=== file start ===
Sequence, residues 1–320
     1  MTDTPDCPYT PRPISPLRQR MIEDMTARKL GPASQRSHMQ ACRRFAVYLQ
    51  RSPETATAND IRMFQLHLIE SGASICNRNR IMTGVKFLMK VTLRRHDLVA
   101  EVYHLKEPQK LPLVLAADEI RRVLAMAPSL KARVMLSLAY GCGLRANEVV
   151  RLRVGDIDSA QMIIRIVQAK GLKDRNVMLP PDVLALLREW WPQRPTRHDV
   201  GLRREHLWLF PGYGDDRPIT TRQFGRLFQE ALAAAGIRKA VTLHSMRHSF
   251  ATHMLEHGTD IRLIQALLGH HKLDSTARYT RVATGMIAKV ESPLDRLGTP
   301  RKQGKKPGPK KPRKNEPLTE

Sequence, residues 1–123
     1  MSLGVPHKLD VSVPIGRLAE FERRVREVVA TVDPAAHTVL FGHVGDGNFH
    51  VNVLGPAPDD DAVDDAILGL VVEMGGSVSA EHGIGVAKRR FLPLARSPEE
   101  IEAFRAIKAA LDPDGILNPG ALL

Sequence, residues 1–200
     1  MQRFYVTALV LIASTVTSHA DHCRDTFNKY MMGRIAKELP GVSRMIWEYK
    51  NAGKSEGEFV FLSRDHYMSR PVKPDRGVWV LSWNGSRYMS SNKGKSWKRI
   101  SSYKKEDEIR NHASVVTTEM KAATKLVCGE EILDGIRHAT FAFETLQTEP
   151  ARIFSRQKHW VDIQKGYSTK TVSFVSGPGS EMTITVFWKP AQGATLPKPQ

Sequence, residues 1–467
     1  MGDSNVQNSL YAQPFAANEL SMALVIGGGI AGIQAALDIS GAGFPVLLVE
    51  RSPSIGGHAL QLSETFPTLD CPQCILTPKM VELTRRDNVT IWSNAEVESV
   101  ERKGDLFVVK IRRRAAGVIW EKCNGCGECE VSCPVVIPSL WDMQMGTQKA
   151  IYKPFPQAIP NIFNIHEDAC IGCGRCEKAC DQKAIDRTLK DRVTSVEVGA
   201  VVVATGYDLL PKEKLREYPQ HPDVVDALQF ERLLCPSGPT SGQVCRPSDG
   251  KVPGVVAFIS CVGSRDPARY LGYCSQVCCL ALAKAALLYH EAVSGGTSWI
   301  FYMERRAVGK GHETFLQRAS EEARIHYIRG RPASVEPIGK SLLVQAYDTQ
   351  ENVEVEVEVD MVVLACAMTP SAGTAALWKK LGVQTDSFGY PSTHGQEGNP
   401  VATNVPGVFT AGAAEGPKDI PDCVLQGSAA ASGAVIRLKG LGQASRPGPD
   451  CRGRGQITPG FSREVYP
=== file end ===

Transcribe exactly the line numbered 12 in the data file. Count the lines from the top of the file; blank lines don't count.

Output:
   101  IEAFRAIKAA LDPDGILNPG ALL